Let’s Defend the Mountains!
14 Jul 2015 | English
High-altitude producers from around the world at Cheese 2015
Cheesemakers, herders, producers and farmers who live and work every day in the mountains are facing a critical situation. In the last 60 years, industrial development and urbanization have progressively depopulated mountain areas around the world and many of the activities linked to traditional cheese production have vanished. Mountain communities have many obstacles—topographical, regulatory and social—that they must overcome on a daily basis.
Despite this, mountains are still home to an extraordinary heritage of ecosystems, plant varieties, animal breeds, cultures and foods. Dairy animals grazing on biodiversity-rich pastures, fresh raw milk, transhumance (the seasonal migration of livestock) and artisanal techniques are some of the factors that determine the quality of mountain cheeses.
Slow Food has been working to support those remaining cheesemakers and herders for many years, and Cheese offers an opportunity to celebrate and promote them.
Mountain Presidia protect rural producers of honey, breads, wild herbs, wine, grains and cured meats, as well as cheeses, that would otherwise disappear. These producers preserve and pass down ancient practices, maintaining the pastures (including the most extreme, at 2,000 to 2,500 meters) that would otherwise turn wild.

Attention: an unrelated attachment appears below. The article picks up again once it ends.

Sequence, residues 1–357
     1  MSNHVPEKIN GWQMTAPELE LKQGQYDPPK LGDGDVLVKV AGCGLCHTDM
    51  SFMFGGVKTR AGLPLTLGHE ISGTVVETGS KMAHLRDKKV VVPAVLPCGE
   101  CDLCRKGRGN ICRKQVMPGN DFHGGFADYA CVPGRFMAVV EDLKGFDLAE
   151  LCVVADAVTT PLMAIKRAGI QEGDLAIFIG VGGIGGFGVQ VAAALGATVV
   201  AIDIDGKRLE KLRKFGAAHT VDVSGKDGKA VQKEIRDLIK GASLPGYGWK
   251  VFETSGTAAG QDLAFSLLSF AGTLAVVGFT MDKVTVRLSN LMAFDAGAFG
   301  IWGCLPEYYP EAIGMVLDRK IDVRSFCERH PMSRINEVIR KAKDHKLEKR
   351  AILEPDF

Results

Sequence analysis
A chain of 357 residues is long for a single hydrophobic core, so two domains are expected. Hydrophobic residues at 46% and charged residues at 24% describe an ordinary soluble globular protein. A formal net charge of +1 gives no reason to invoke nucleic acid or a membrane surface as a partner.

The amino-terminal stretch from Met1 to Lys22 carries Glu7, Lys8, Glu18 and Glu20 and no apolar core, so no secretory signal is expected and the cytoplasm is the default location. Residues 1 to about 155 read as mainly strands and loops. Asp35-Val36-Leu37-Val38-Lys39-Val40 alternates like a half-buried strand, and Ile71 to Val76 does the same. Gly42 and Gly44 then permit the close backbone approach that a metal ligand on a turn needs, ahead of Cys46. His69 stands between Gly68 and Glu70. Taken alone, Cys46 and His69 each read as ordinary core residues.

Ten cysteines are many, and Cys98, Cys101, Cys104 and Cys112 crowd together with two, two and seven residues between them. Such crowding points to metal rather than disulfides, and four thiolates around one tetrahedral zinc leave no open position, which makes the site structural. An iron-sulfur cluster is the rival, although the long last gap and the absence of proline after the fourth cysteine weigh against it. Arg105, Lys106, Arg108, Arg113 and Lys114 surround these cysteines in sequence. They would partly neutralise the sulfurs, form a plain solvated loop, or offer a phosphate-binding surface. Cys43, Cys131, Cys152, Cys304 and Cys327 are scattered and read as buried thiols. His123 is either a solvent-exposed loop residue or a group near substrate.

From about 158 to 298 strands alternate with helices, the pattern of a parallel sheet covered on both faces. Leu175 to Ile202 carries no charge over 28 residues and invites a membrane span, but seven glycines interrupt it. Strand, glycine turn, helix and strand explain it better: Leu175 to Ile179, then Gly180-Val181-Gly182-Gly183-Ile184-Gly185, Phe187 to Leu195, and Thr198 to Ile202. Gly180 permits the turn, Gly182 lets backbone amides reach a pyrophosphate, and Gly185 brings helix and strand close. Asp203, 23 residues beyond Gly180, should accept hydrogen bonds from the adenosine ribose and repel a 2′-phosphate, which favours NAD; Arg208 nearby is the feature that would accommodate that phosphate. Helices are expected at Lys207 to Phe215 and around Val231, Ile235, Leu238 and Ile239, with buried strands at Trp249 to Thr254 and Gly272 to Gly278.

Many mountain Presidia and Ark of Taste products will be at Cheese. From Italy, we’ll have Heritage Bitto, Tuma Macagn, Upper Elvo Raw Milk Butter, Sole, Rabbi and Pejo Valleys Casolét, Moena Puzzone and High Mountain Honeys. From Bulgaria will come the Presidium for cheese made with milk from the Karakachan Sheep and Tcherni Vit Green Cheese, and from Romania Branza de Burduf, made on the slopes of the Bucegi mountains, some of the highest peaks in the Carpathians. There will also be Rove Brousse Goat Cheese from France and the Presidia for mountain Vacherin, Emmentaler and Sbrinz from Switzerland. From Poland, Oscypek from the Tatra mountains, home to the Batza, an ancient shepherding community.
Mavrovo Reka Mountain Pasture Cheeses will come from Macedonia, including Kashkaval made from Shaplaninska sheep’s milk and Bieno Sirenje. From Turkey, Türkmen Saçak and Kars Gravyeri, at risk of dying out due to increased mechanization of the cheesemaking process, the decline of native cattle breeds and rigid European Union regulations.
During the four days of the event, we’ll hear the stories of these and other cheeses, and learn about the challenges they face. The conference Mountain Stories: Products and Projects for Relaunching Higher Lands, will explore tools that can be used to protect herders, cheesemakers and farmers who choose to stay in the mountains and promote the work of new generations who are investing in the future of these places.
The recent trend of new generations repopulating the mountains is still faint, yet significant nonetheless. One example comes from the Bitto Presidium in the Italian region of Lombardy, where the youngest producer is just 18 and her fellow cheesemakers are in their 20s or 30s. A whole generation has taken the place of their parents.
Then there are stories of producers who have chosen to once again make their own starter cultures, opposing commercial substitutes and standardization. And stories of resistance against overly strict hygiene rules, as in Bulgaria, where the producers of Tcherni Vit green cheese are fighting to preserve an ancient production practice under threat from a rigid interpretation of the law.